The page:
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Long-term Fuel and Vegetation Responses to Mechanical Mastication in northern California and southern Oregon
Reed, Warren Paul
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Historical land use and changes in climate have altered fire behavior and severity in fire-prone ecosystems of western North America. A variety of fuels treatments are used to abate fire hazard, restore ecosystem processes, and increase forest resilience. Mechanical fuels treatments are increasingly used to alter forest structure and fuel continuity due to impediments to the use of prescribed fire. An increasingly common fuels treatment is mechanical mastication. Mastication does not remove fuels, but instead rearranges live and dead vertical woody fuels into a compacted layer on the forest floor. While mastication reduces potential fire intensity, these compacted fuels are flammable and capable of causing tree mortality and other negative ecological consequences when they burn in prescribed fires or wildfires. A current knowledge gap is quantitative information about the rate at which masticated fuels decompose and the rate at which vegetation reestablishes within sites previously masticated. Using 25 sites across northern California and southern Oregon, this thesis examines how masticated fuels change over time. Results from this study demonstrate that the majority of mass lost from masticated fuel beds occurred in the 1 and 10-hour woody fuel classes. Because surface fire behavior is driven by these fine fuels, these findings are valuable to the planning and retreatment of masticated fuels treatments and the corresponding fire suppression efforts in masticated sites. In combination with masticated wood surface fuels, shrubs and small trees play an important role in fire behavior, acting as ladder fuels that exacerbate surface fire behavior and threaten to ignite residual trees. A lack of understanding of how woody vegetation recovers following masticated fuel treatments gives rise to questions and challenges regarding treatment longevity. In this study, species with the ability to resprout tended to recover more quickly than obligate seeding species. Residual conifer saplings or trees that establish in masticated fuelbeds also recovered rapidly, reducing the efficacy of fuels treatments. Future implementation of masticated fuels treatments should consider both woody fuel decomposition and the corresponding recovery of shrubs and small trees to maximize treatment longevity.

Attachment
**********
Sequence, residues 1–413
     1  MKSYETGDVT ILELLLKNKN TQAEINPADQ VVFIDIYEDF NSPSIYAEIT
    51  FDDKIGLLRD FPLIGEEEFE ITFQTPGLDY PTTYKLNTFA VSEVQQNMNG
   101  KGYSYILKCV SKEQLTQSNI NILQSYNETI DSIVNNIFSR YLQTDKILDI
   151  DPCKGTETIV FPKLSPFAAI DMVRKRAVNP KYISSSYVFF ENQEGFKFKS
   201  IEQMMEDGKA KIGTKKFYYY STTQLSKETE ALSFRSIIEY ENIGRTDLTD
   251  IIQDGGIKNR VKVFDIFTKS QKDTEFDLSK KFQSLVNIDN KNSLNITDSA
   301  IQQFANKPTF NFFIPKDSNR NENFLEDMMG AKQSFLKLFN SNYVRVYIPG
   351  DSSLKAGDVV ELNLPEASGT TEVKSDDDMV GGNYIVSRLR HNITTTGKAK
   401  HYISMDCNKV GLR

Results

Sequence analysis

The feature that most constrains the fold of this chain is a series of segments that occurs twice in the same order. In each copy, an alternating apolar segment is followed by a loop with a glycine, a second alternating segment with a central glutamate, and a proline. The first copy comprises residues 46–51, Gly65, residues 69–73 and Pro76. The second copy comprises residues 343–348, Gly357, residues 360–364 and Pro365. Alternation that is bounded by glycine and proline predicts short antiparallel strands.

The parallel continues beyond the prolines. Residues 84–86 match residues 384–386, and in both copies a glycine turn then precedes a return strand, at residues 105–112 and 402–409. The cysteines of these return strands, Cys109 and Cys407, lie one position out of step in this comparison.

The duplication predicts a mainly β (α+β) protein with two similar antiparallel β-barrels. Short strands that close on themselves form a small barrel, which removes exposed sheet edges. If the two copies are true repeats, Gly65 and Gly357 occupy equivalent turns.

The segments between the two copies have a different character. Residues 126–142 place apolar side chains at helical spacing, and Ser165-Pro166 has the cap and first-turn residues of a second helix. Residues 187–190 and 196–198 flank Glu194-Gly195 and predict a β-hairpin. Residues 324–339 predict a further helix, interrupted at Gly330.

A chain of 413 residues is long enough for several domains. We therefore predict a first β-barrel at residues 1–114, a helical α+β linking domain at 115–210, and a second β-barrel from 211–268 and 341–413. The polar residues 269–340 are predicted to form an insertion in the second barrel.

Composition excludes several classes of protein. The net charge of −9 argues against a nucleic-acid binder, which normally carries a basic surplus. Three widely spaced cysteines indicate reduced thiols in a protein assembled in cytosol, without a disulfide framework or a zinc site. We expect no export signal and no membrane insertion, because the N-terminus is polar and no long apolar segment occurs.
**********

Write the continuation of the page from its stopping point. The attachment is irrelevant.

- Masters Theses